1 Replies - 674 Views - Last Post: 29 April 2014 - 06:08 AM Rate Topic: -----

#1 plh  Icon User is offline

  • New D.I.C Head

Reputation: 8
  • View blog
  • Posts: 14
  • Joined: 23-May 11

Architecture of REST client - can't enforce static fields

Posted 29 April 2014 - 02:31 AM

I'm developing a REST client and have an issue with the architecture of the application
This is the current code:

public abstract class Resource
       public abstract string ResourceName { get; }
        private static IResourceProvider resourceProvider = Services.ResourceProviderService.ResourceProvider;

        protected static T GetResource<T>(string resourceName, uint id)
            Contract.Requires(resourceName != null, "resourceName must not be null");
            Contract.Requires(resourceName != "", "resourceName must not be empty");

            return resourceProvider.GetResource<T>(resourceName, id);           

public interface IResource
       uint Id { get; }
       string ResourceName { get;}       

public class Language : Resource, Interfaces.IResource
       private const string resourceName = "languages";
       public override string ResourceName
           get { return resourceName; }
       public uint Id { get; set; }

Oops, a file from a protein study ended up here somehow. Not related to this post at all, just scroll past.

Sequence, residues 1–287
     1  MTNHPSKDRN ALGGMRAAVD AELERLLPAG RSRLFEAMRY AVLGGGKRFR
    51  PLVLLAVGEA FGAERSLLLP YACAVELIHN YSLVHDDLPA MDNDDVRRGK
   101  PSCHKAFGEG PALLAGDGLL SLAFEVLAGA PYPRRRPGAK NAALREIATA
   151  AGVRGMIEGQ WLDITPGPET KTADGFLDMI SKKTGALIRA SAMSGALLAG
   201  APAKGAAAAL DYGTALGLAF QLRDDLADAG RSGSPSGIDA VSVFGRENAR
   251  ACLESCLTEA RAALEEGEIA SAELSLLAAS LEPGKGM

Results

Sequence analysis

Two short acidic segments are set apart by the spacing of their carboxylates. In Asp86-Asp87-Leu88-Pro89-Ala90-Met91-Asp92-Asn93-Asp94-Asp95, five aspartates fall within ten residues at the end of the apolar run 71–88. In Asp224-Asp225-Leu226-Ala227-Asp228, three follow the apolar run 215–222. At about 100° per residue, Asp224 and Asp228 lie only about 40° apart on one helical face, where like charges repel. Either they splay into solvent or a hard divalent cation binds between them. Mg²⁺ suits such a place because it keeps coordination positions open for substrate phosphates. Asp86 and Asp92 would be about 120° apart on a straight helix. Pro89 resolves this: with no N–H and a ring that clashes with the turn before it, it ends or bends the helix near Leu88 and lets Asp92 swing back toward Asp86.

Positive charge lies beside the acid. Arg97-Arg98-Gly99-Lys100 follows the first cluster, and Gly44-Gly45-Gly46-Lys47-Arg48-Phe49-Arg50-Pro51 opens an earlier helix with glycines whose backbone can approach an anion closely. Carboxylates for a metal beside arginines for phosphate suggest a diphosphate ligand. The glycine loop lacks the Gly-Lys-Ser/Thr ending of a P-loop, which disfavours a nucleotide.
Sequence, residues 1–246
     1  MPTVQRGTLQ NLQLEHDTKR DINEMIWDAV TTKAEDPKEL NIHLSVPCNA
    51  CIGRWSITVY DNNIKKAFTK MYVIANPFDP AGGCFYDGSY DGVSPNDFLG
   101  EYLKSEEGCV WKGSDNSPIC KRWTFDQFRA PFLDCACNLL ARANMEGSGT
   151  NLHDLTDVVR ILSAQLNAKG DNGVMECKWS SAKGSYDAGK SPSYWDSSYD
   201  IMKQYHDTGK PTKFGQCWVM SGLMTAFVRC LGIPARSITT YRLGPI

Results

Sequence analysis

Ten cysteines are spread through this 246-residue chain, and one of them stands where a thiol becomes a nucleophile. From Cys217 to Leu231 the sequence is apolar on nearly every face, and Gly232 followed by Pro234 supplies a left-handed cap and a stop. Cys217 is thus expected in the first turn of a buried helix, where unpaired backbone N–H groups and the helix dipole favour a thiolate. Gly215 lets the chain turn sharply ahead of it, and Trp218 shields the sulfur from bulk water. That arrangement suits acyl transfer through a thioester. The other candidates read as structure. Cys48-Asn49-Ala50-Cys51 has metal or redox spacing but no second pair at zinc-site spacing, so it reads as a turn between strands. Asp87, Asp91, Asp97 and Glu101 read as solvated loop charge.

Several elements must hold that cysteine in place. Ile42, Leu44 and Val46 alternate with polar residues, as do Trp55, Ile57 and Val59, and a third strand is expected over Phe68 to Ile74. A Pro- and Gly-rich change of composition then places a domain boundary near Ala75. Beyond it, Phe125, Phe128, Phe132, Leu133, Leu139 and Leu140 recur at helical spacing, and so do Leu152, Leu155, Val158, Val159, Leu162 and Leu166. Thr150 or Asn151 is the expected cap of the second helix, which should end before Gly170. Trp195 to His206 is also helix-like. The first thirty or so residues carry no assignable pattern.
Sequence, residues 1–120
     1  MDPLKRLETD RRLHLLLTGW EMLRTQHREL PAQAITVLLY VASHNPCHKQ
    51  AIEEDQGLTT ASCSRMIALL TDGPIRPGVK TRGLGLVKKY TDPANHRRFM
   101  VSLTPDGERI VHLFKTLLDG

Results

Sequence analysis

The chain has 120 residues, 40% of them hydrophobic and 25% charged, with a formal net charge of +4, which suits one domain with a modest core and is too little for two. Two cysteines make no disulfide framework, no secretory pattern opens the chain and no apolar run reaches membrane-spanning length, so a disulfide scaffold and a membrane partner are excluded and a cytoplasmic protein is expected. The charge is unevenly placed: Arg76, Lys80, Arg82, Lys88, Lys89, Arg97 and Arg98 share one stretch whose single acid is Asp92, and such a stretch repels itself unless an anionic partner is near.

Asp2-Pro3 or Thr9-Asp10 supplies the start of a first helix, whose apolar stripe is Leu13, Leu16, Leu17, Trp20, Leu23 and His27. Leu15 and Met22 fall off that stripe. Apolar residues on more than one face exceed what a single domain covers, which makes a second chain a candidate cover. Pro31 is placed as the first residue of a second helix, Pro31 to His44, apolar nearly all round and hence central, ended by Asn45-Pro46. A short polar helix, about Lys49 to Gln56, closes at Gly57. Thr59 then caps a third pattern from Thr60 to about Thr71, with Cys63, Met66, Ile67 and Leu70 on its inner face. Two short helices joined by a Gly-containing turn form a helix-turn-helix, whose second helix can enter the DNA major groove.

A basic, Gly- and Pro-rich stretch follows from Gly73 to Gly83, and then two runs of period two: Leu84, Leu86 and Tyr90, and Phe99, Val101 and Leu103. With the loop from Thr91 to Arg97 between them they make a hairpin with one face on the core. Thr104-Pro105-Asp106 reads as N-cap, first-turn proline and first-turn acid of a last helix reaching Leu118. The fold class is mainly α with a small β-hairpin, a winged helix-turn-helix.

public string Name { get; set; }

       public static Language Get(uint id)
          return Resource.GetResource<Language>(resourceName, id);

I would like to enforce derived classes of Resource or implementations of IResource to have a static or constant field for the resource name.

I can't seem to find a solution for this, so if you have another way of implementing this I would love to hear it.


Is This A Good Question/Topic? 0
  • +

Replies To: Architecture of REST client - can't enforce static fields

#2 Skydiver  Icon User is offline

  • Code herder
  • member icon

Reputation: 6108
  • View blog
  • Posts: 21,024
  • Joined: 05-May 12

Re: Architecture of REST client - can't enforce static fields

Posted 29 April 2014 - 06:08 AM

For the interface, you are stuck with the getter. Unfortunately, you have no way of enforcing that what is returned to you won't be different the next time you call the getter. In your shoes, what I would do put in an inline XML documentation comment noting that the value that is return should not change. Additionally, I would only ever call the getter once and let implementers discover for themselves that you meant it when you wanted the value to be constant. (If I were feeling particularly ornery, in the debug builds I would put in random calls to the getter and Assert that the value did not change.)

As for the class inheritance, you can declare a public abstract getter, but you are again in the same situation as the interface.

Right now, I'm thinking very narrowly, though. Perhaps somebody can apply some kind of Singleton like pattern, but it is for the actual property value instead of a class.
Was This Post Helpful? 2
  • +
  • -

Page 1 of 1